Puget Sound Civil War Roundtable

Civil War Education, Remembrance and Preservation

THE 2014-15 SPEAKERS REVISITED

MAY 14, 2015 Barbara Bruff Hemmingsen will tell of the Battles of Franklin and of Nashville, the last major battles in the Western Theater. The Union Army's capture of Atlanta on September 1, 1864 did not destroy General Hood’s Confederate Army of Tennessee, which remained a threat to central Tennessee. When General Sherman left Atlanta for the sea, he ordered the 4th Army Corps, Army of the Cumberland, to counter Confederate moves north towards Nashville. The armies fought at Franklin, TN, on November 30, 1864, and 14 days later outside Nashville. Barbara's great, great grandfather Joseph Bruff was at this time a field officer in the 125th Ohio Volunteer Infantry, and participated in both battles. Her presentation will be illustrated with quotes from his letters and her photographs from the battlefields. A retired Professor of Microbiology, she is editing Joseph Bruff’s letters for publication.
APRIL 9, 2015 Ed Malles will discuss Photography in the Civil War, starting with a brief history of the invention of photography in 1839 and advancements in technology to 1861, followed by a look at Matthew Brady and his contributions to photography in America in the 1850s, his commitment to covering the war, and his life after the war. Ed will discuss several photographers, the problems they faced in the field, iconic images, and photography's impact on society. We all know the images but few know the men behind the cameras and the difficulties, both technical and personal, they overcame to bring those images to print. Ed Malles is the Editor of Bridge Building In Wartime: Colonel Wesley Brainerds Memoir (Voices of the Civil War Series)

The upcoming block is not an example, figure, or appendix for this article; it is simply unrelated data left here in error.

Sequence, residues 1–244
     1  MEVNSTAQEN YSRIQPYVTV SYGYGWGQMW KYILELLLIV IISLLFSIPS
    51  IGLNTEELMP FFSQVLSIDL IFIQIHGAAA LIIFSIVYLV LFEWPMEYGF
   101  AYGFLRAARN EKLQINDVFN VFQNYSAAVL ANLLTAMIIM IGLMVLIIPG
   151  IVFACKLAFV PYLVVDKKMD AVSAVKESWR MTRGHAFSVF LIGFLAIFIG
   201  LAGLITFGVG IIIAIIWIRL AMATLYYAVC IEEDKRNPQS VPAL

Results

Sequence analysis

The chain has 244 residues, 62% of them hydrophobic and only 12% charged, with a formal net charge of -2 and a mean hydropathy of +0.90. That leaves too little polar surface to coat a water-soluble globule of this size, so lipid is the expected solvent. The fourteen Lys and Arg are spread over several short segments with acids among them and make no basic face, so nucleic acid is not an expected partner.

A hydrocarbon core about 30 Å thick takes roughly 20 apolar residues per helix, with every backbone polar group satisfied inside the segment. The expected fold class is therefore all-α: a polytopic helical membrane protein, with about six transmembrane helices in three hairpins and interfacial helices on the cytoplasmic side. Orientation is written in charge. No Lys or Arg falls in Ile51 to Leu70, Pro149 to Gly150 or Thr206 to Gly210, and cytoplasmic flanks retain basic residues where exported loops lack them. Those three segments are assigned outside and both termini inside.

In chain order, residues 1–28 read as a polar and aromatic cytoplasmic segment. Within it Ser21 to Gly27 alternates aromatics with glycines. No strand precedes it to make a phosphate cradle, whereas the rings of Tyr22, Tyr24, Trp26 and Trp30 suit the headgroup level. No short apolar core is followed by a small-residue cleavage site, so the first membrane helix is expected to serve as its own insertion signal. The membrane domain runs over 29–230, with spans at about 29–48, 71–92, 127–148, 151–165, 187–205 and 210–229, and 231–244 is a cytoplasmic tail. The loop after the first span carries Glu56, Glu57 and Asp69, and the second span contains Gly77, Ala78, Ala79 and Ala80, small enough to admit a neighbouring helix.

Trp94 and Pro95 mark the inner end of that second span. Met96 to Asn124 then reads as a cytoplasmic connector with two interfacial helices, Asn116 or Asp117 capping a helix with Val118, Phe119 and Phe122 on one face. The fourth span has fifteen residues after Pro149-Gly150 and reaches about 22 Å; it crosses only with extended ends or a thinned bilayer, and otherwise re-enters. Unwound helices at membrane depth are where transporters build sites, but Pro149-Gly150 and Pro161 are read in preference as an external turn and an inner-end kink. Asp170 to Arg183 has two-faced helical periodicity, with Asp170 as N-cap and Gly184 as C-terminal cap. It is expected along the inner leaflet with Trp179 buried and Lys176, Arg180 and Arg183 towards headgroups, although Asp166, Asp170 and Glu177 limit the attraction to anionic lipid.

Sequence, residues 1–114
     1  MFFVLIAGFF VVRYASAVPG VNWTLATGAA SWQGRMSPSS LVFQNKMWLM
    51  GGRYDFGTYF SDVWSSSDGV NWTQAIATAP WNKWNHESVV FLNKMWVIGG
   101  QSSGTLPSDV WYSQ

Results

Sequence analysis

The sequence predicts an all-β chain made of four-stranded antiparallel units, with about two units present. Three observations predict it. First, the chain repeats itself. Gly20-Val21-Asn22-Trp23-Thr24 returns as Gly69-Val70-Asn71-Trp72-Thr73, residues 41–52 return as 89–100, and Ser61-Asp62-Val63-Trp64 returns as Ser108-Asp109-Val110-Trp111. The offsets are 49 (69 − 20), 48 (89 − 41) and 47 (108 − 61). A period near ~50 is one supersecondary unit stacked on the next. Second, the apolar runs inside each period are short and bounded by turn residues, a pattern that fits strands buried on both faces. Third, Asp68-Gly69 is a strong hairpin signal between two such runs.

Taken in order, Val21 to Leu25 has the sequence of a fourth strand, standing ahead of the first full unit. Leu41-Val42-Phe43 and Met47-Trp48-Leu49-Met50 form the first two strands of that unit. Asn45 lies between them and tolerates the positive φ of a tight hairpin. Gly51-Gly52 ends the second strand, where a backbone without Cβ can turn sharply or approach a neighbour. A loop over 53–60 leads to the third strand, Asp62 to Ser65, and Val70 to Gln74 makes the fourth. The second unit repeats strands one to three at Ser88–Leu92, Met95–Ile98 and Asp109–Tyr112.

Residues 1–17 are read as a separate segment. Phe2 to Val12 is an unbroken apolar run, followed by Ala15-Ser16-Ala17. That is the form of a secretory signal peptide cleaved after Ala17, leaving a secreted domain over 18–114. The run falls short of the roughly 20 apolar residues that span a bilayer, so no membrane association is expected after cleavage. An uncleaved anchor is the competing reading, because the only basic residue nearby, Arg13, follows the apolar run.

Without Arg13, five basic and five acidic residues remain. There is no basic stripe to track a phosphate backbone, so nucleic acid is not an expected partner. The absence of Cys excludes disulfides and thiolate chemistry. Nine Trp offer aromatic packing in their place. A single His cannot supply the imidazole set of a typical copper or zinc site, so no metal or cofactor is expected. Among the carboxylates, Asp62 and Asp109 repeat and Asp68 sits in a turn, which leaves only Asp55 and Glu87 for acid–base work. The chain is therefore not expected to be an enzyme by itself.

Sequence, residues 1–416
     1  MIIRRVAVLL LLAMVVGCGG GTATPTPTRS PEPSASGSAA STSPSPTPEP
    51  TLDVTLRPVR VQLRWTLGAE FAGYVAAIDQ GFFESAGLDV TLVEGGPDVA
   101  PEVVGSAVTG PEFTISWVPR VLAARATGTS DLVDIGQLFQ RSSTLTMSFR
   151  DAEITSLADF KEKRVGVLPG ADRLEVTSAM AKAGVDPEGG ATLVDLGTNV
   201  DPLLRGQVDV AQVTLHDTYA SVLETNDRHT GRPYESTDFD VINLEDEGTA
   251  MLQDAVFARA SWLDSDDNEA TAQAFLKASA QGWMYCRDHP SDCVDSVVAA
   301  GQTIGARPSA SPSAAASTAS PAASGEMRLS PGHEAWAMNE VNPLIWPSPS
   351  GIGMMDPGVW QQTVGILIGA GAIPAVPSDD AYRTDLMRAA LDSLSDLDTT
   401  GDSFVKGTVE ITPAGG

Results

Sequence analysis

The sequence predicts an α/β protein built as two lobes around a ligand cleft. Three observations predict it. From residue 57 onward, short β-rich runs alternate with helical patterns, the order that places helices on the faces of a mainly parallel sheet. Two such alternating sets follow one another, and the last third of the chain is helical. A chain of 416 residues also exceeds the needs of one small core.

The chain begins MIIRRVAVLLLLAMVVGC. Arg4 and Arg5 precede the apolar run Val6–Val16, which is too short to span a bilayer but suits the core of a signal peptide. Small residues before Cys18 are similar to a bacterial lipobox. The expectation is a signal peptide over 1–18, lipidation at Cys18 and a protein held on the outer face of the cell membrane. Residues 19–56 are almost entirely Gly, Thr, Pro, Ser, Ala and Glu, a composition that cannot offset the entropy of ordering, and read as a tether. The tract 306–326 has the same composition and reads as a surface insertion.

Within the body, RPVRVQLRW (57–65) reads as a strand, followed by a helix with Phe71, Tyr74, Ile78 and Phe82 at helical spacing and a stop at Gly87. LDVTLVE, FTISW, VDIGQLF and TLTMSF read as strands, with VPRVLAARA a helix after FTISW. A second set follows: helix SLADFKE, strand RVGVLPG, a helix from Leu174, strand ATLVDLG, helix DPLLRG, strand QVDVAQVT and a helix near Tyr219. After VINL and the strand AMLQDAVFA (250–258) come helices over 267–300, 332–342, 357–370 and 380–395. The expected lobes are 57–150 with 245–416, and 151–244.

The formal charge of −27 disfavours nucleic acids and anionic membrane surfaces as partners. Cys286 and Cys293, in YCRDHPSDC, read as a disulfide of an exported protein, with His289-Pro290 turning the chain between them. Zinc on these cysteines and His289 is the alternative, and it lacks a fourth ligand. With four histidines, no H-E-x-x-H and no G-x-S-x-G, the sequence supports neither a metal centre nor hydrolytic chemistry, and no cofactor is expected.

MARCH 12, 2015 Mike Movius, Stephen Pierce, Dick Miller, and Ed Malles will show and tell all about a wide range of Civil War items and artifacts, original or reproduction, including a Colt revolving rifle, Springfield musket with accoutrements, cavalry saber with scabbard, Confederate kepi, fired but unexploded Reed shell (disarmed), promotion document for a sergeant, 13th Tennessee Cavalry (Union), a Harper’s Weekly cover after Antietam, a Harper’s Weekly print of a devastated warscape, and Civil War genealogical records.
FEBRUARY 12, 2015 Terrence Winschel will describe the Union struggle to wrest control of the Mississippi River, so that it could flow “unvexed to the sea,” in Lincoln’s words. After discussing the economic and military significance of the river, he will describe the early operations stretching from Cairo, Illinois to the Gulf of Mexico, and then will focus on the climactic campaign that led to the fall of Vicksburg in July 1863. Mr. Winschel is a thirty-five-year veteran of the National Park Service who served at Gettysburg National Military Park, Fredericksburg & Spotsylvania National Military Park, Valley Forge National Historical Park, and recently retired as Historian at Vicksburg National Military Park. Terry has written 100 articles on the Civil War. He is author of TRIUMPH AND DEFEAT: The Vicksburg Campaign, Volume 2, Vicksburg Is the Key: The Struggle for the Mississippi River (Great Campaigns of the Civil War) by Shea, William L., Winshel, Terrence J. published by Bison Books (2005), The Civil War Diary of a Common Soldier: William Wiley of the 77th Illinois Infantry, Vicksburg: Fall of the Confederate Gibraltar (Civil War Campaigns and Commanders Series), and TRIUMPH AND DEFEAT: The Vicksburg Campaign, Volume 2. His many awards include the 2013 Carrington Williams Battlefield Preservation of the Year Award by the Civil War Trust.